Maybe it stems from all those times you were picked last as a kid. Or from that “harmless” comment a loved one made about your body… or about someone else’s body (who looks like you).

These hits of pain may not feel that impactful in the moment, but over time, they accrue power and influence over your actions and self-worth.

The result? Pain that’s hidden can crop up as:

  • avoiding activities that are fun or good for you, like going to a party or trying that new gym down the street
  • feeling your heart race when someone asks if you’re okay
  • revisiting some mortifying moment over and over, using it as evidence that you’re the worst
  • turning down exciting opportunities because your inner voice says, ‘No way, I can’t do that.’
  • living well into your 20s with the assumption you’ll never find companionship… because you got rejected on the middle school dance floor… and you assumed it was because the boys thought you were too big… so that must mean men don’t like you. (Is that oddly specific?)

These examples all suggest there’s trouble below the surface. Pain is discouraging you and holding you back. If you can access the source of this emotional discomfort, you can use it to achieve serious change.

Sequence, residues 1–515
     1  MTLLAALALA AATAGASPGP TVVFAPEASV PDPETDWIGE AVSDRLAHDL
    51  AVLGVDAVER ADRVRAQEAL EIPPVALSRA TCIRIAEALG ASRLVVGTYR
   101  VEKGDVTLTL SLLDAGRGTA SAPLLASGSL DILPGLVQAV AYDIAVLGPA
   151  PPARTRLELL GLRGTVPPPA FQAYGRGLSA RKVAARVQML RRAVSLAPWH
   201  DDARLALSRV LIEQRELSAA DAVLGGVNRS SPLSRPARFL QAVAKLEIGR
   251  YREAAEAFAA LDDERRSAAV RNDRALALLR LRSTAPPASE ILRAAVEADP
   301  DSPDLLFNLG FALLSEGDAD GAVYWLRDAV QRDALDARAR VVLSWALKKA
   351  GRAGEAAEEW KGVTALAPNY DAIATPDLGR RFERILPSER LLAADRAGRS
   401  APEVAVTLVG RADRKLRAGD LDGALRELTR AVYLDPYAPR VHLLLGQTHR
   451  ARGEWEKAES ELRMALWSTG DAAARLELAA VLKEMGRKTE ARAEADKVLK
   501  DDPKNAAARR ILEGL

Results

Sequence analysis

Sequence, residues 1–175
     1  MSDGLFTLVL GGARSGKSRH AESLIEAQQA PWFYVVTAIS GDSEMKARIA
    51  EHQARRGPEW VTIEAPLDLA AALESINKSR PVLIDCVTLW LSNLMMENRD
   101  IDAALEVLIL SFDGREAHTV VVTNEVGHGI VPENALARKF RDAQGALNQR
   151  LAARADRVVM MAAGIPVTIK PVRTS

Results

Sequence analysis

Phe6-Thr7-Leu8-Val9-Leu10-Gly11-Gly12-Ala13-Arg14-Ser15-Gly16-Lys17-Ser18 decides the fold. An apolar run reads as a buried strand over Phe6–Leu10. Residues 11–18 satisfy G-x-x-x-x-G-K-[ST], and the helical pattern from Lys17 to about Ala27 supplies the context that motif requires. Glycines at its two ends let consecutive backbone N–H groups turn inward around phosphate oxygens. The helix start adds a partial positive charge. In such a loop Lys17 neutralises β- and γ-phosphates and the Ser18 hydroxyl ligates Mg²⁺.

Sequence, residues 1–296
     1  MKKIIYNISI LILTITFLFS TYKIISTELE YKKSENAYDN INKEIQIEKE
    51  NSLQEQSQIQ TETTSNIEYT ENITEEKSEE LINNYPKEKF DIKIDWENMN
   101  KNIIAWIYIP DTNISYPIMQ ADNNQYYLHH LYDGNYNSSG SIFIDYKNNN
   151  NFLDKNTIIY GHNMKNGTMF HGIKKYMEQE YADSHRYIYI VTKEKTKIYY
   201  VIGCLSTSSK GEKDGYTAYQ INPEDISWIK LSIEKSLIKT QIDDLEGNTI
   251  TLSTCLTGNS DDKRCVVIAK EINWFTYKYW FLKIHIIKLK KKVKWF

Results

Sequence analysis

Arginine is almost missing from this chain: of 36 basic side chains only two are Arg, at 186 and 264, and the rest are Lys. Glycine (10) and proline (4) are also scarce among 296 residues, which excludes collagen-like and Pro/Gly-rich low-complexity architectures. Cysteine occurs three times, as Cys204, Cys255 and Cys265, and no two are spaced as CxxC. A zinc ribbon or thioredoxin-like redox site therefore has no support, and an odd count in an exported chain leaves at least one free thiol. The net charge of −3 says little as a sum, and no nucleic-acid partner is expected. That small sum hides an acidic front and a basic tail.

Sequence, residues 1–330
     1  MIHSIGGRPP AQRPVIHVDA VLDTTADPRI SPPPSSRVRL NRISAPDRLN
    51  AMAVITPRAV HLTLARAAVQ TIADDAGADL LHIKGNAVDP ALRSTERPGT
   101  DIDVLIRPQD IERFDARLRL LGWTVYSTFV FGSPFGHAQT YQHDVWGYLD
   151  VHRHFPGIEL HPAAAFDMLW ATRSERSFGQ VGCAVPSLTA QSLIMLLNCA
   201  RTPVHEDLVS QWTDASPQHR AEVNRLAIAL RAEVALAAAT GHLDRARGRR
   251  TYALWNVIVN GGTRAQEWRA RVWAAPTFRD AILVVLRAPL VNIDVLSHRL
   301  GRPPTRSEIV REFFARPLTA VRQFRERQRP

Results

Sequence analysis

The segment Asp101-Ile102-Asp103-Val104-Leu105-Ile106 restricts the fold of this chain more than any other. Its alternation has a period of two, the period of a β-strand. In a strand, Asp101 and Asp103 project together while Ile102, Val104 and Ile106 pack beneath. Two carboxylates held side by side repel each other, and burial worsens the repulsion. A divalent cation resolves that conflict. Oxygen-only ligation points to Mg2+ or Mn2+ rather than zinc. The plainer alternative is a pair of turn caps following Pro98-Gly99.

Here’s how to do just that, in three steps.

Step #1: Find your true “why.”

Michelle wanted to lose weight, sure.

But more importantly, she wanted to be trusted to take care of her granddaughter. That was her real reason for wanting to lose weight.

In the Precision Nutrition coaching method, we call this “finding your why.”

Your “why” is the reason behind the reason… behind the reason… behind the surface reason you want to make a change in your life.

Finding your “why” is a shortcut to finding your pain.

Because often, your deepest reason for wanting to change your body or habits dredges up yucky stuff.

For example, the shame of having gained 30 pounds after having kids. (‘Why does every other mom seem to have it all together?’).

Or the helplessness of realizing you can’t even bend down to pick a pencil off the floor.

Or the regret that comes with admitting you’re not the kind of active, inspiring father you want to be.